Acer this week introduced its new family of Chromebooks that wed performance with portability. The new laptops feature multi-core x86 microprocessors, 14” displays as well as aluminum chassis. Even in its most advanced configuration, the Chromebook 14 costs only $299. Acer traditionally positions its Chromebooks as solutions for students as well as customers on a budget, who need basic computing and do not want to invest a lot.

Several years ago, personal computers running Google’s Chrome operating system were considered as cheap alternatives to Windows-based PCs, which is why they used affordable components and could not boast solid performance, despite the lightweight OS. Eventually, such PCs became relatively popular and manufacturers started to use more advanced ingredients, such as IPS displays or microprocessors with higher performance. Google itself introduced its Chromebook Pixel laptop in 2013 (and updated it in 2015), targeting premium buyers. The Chromebook Pixel is one the most advanced and powerful Chromebooks ever made thanks to its Core i7 “Broadwell” processor, a display with 3:2 aspect ratio as well as an aluminum body. Google’s Pixel demonstrated to other PC makers that it is possible to build premium Chrome OS-based notebooks and they followed with more advanced Chromebooks. The new Acer Chromebook 14 is not as powerful as the Pixel, but it is clearly a step into its direction with a high-resolution display as well as an all-aluminum chassis.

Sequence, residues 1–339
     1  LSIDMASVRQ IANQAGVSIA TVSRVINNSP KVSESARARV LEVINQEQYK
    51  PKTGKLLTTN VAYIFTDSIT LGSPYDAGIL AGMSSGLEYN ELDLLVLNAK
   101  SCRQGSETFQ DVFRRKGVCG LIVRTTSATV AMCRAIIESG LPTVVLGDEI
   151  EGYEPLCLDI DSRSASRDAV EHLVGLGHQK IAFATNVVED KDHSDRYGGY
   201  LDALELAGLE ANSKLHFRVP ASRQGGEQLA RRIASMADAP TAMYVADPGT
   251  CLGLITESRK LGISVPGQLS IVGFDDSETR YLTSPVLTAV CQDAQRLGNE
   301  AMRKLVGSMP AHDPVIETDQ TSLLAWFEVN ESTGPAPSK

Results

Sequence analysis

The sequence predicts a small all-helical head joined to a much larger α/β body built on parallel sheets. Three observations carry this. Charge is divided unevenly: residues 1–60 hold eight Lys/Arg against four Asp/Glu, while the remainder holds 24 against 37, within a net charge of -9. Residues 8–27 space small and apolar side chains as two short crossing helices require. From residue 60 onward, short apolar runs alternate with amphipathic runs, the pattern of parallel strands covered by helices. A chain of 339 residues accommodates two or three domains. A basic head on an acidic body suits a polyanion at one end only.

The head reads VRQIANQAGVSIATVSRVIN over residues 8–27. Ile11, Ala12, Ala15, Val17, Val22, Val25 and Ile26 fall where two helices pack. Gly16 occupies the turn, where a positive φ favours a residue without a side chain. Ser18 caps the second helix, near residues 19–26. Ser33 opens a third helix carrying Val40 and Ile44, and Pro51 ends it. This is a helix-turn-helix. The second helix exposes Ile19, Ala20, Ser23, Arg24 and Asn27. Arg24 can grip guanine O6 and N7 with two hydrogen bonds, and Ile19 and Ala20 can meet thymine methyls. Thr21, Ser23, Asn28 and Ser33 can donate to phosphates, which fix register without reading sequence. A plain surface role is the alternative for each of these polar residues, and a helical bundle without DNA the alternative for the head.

The Acer Chromebook 14 (CB3-431) features, as the name suggests, a 14” IPS display with 1920×1080 or 1366×768 resolution as well as 170-degree viewing angles and an anti-glare coating. Unlike the Chromebook Pixel, Acer’s new laptops have 16:9 aspect ratio with all of its advantages for video viewing and disadvantages for Internet surfing. The model with higher resolution can work on one battery charge for 12 hours, whereas the Chromebook 14 with 1366×768 resolution boasts with up to 14-hour battery life on a single charge.

The Chromebook 14 laptops are based on Intel Celeron “Braswell” processors with two (Celeron N3060) or four (Celeron N3160/N3150) cores featuring the Airmont micro-architecture and up to 1.60 GHz clock-rate, Intel’s Intel Gen 9 graphics core with 12 execution units as well as up to 6 W TDP. Unlike Google’s Chromebook Pixel as well as Acer’s Chromebook 15, the Chromebook 14 cannot integrate a high-performance CPU featuring Broadwell micro-architecture, but that was certainly a trade-off between the price and portability.

Acer Chromebook 14 Specifications
  Acer Chromebook 14 full HD Acer Chromebook 14 HD
Screen Resolution 1366×768 1920×1080